I keep three sharp knives handy when I’m cleaning a deer. One is for field-dressing. This one will be a stout knife with a drop point for prying through bone. Another is for skinning. Though a skinning blade with a gut hook is nice to have, I’ve been using a long-bladed fillet knife the last couple seasons, and it works beautifully. These knives can be honed to a razor’s edge and quickly re-sharpened. Other than quickly dulling a knife’s edge by slicing through hair, skinning is not taxing on a knife’s blade, so a flexible fillet knife works fine. Finally, I swap over to another knife—again, with a heavier blade—for my quartering. The point to take from all this is to keep your knives separate so you reduce contamination of the meat with blood and hair.
6. Poor Trimming
Unlike beef fat, deer fat does not taste good. Neither does the sinew, membranes and other connective tissues holding the various muscle groups together. Venison, whether destined for steaks or hamburger, should be trimmed free of anything that’s not rich, red meat.
7. Burger is Too Lean
Ironically, because fat needs to be trimmed away for the best flavor, venison often becomes too lean for hamburger purposes. Patties made for grilled double cheeseburgers often fall apart soon after hitting the hot grate. The solution is to add some fat, either beef or pork, when you’re grinding venison. We use cheap bacon, mixed at a rate of 5:1 (5 pounds of venison per pound of bacon). It makes our patties stick together, and the bacon adds a great flavor.
8. Used a Cut-Rate Processor
Some commercial deer processors do a great job. But some do not. I once took a deer to a processor, filled out my paperwork and watched him disappear to the freezer room. He weighed my animal and returned with a corresponding amount of packaged, frozen venison. “We mix all our meat together and package a lot of burger at once,” he said.
For all I knew, the deer I was getting could’ve been gut-shot, left to hang in 90-degree heat, and then dragged along a black-top road en route to the processor. No thanks. That was the last deer I ever took to a processor. Insist on getting your own deer back when you have processing work done. If that’s not possible, I’d advise doing business elsewhere.
9. Marinade Problems
“First, soak for 48 hours in Italian dressing …”
It’s enough to make a venison-lover cringe.
Look, Italian dressing and BBQ sauce taste fine, but you’d better be a ravenous fan of them if you’re using them to soak venison steaks for two days. At the end of those two days, your steaks will taste just like … Italian dressing or BBQ sauce.
There’s nothing wrong with a little splash of flavor enhancement, but try lighter flavors that complement, rather than mask, the flavor of deer meat, and keep the marinade time short. My usual maximum is three or four hours. A favorite marinade for grilled venison steaks is a mixture of olive oil, a spoonful of balsamic vinegar, a spoonful of Worcestershire sauce, some minced garlic (with the juice), a squirt of mustard and salt and pepper to taste.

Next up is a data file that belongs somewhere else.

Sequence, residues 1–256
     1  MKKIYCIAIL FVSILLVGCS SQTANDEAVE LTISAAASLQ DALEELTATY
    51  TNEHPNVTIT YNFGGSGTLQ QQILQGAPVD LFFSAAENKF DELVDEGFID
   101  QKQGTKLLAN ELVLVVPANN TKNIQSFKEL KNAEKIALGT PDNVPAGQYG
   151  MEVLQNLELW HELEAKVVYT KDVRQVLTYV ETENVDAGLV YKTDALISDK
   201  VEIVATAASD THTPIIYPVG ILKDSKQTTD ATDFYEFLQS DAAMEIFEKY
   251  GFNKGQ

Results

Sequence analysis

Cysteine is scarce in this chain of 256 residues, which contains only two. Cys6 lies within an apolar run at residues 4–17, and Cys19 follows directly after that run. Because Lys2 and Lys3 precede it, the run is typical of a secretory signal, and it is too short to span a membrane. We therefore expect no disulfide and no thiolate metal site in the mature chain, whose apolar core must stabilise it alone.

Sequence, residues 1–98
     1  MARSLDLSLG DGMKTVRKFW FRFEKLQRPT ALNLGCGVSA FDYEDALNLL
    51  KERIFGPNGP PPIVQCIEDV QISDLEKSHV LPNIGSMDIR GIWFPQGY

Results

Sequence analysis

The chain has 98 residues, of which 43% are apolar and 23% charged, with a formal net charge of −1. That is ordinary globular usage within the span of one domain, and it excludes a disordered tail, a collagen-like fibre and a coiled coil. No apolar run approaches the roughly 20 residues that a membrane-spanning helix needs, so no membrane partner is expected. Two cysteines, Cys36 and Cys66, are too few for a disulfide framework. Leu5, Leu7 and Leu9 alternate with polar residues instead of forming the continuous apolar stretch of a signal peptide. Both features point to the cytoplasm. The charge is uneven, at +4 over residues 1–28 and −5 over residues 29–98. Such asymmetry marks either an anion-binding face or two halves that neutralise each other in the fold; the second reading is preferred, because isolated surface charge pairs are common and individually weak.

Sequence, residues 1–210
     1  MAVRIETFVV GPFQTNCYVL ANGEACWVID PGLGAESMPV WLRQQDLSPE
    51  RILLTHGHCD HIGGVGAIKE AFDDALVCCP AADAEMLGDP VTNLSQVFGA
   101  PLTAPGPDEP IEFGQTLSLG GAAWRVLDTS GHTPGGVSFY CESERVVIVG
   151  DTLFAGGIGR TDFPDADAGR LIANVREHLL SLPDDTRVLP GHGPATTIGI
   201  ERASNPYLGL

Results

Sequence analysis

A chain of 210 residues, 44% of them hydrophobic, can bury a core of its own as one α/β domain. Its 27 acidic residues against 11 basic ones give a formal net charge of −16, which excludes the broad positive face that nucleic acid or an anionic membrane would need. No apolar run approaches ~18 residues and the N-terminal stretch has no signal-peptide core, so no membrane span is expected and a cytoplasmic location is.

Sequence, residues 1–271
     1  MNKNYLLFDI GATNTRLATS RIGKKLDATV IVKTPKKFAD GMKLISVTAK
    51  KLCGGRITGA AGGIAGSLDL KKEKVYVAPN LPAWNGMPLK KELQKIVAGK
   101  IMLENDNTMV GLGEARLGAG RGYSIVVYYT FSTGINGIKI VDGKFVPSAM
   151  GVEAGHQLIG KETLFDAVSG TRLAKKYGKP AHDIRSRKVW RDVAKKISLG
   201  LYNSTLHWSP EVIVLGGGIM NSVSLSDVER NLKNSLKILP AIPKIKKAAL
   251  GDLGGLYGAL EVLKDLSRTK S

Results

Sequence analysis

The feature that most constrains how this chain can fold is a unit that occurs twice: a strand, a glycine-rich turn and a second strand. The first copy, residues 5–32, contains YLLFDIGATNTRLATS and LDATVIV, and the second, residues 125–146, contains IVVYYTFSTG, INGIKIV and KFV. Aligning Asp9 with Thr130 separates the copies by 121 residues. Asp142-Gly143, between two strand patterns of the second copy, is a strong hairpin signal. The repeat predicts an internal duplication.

10. Cooked Too Cool, for Too Long
Venison recipes, especially grilled recipes, often call for removing the meat after a couple minutes per side. For many, the result of that is, “this is raw and gross.” And so they place it back on the grill. After a while, it turns gray, chewy, dry … and still gross.
Grilled venison is best when eaten with a medium-rare interior, but the outside needs to be cooked. In order to do that, your grill needs to be hot enough to instantly sear the meat surface and lock in those flavors and juices. Flip your venison steaks one time. If you don’t have nice grill marks after three or four minutes, the grate isn’t hot enough.
11. Improper Packaging and Freezing
Freezer burn doesn’t help the flavor of ice cream or anything else, deer meat included. Modern vacuum packaging systems are handy and save on space, but I’ve used some that resulted in freezer-burned meat after a few months. If you’re buying a vacuum-sealing unit, get a good one.
We package our deer the old-fashioned way, first wrapping our portion in clear plastic wrap, and then covering that with heavy-duty freezer paper. Each package is clearly labeled, not only so we know what cut of meat is inside and when it was killed, but also which deer it came from. If one animal proves especially tough, we know to use that meat for slow-cooking recipes.
12. Getting too Fancy
There’s no big mystery or secret to cooking venison. Treat it as you would treat very lean beef, and you’ll get outstanding results day in and out. We substitute deer burger for beef hamburger in virtually everything—chili, tacos, sloppy Joe’s, burgers on the grill, spaghetti and who knows what else. We never plan on a “wild game night” at the house. We just plan to cook dinner, and that usually means wild game by default.
Story & Photos by Will Brantley
(Editor’s Note: This Retro Realtree article was originally published in October of 2012)